Practicing the "STOP" method will help you apply this opposite behavior approach and work on calming down so that you can develop assertive or problem-solving approaches instead of anger. Learn to summon the word "STOP" to cope with provocation. "S" obviously means to stop your angry thoughts and behavior. You can do this by hearing your inner voice say "stop" or you can envision a big red stop sign. Just as you automatically break for a stop sign when driving, you can learn to put an automatic brake on your angry behavior. The next letter "T" is for "think." After you have stopped or interrupted an angry response, think about calming down to analyze the frustrating situation and think your coping thoughts. The letter "O" in stop means focus on "observable " facts about the situation. This will help you analyze the life problem and back away from your angry thoughts and behavior. The letter "P" calls your attention to the need to develop a behavior "plan" to respond to the situation. Again, an example. A grocery clerk almost rams you with a grocery cart. A habitually angry individual would yell and curse or even use fists to retaliate. The anger control approach would include: "S" Stop, take a deep breath. "T" Think about what just happened instead of responding immediately. "O" What did you observe? Did the clerk bump your cart accidentally or steer the cart directly at you with a gleam in his eye? " P" Decide if your plan is to consider the incident an accident and let it go or take assertive action such as asking for an apology or filing a complaint with the manager.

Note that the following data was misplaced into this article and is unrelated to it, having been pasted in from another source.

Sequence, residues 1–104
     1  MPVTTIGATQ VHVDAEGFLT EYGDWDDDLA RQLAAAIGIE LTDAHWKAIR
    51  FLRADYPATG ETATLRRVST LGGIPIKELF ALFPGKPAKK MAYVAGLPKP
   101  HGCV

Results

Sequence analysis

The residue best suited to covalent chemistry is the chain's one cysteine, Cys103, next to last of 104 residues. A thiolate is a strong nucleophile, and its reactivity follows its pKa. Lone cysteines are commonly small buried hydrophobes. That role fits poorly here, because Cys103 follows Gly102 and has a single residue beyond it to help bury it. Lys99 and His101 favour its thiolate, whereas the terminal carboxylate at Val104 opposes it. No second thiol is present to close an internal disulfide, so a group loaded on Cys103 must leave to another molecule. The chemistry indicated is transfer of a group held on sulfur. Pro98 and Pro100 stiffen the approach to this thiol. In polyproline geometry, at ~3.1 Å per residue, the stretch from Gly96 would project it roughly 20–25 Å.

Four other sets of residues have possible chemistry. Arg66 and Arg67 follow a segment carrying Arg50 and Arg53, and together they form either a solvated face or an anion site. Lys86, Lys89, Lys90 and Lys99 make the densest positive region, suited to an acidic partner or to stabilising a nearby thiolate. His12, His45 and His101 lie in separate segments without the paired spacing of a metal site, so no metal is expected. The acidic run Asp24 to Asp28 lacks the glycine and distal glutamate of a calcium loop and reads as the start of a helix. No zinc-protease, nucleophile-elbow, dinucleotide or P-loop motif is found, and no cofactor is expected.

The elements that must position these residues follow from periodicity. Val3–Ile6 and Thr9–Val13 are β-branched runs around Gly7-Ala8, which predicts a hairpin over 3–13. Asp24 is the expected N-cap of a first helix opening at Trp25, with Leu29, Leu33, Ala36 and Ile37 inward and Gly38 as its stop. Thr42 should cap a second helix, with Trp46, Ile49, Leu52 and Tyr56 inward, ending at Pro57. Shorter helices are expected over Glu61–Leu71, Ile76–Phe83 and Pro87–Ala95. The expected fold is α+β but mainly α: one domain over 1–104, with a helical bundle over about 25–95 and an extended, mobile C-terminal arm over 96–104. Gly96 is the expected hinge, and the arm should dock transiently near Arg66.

Relaxation methods are helpful in anger control as they are in coping with other kinds of distress. Relaxation is mediated by the parasympathetic nervous system, while anger is a function of the sympathetic nervous system. The physiological response of relaxation is incompatible with angry rumination and behavior. You should practice relaxation techniques often and pair the relaxation response with a cue word such as "calm" or "chill out." this cue word is practiced along with relaxation, a new habit will be created to summon the word and the relaxation response when needed. Music has power to excite or relax. You can practice relaxation with special tapes or CDs for this purpose; hemi-sync CDs are especially useful.

You may be thinking that these anger management ideas sound good, but you'll never remember to use them in real life. If you are this reader, you'll need to take additional steps to learn and practice anger coping skills until they become part of your habitual behavior repertoire. Anger logs will help you keep track of your progress. Practice using coping thoughts and STOP behavior often, especially for easy problems so the skills will be available in more difficult anger situations. Post your coping thoughts or STOP method on your mirror, desk or car dashboard. You can rehearse your new anger coping strategies in front of a mirror or with a tape recorder or even with imagery. To use imagery: relax, picture anger provoking situations and visualize yourself calm and in control using these techniques to manage the provocations. A therapist trained and experienced in using these methods will be a valuable addition to your anger coping plan.

For additional information about anger and anger imagery, you can consult McKay and Rogers, Anger Control Workbook, New Harbinger, 2000, with information on Anger Innoculation found on pages 83 to 124. For more information about the STOP method or other anger control methods consult W. Robert Nay, Taking Charge of Anger, Guilford, 2004, pages 126 to 130 for the Stop method.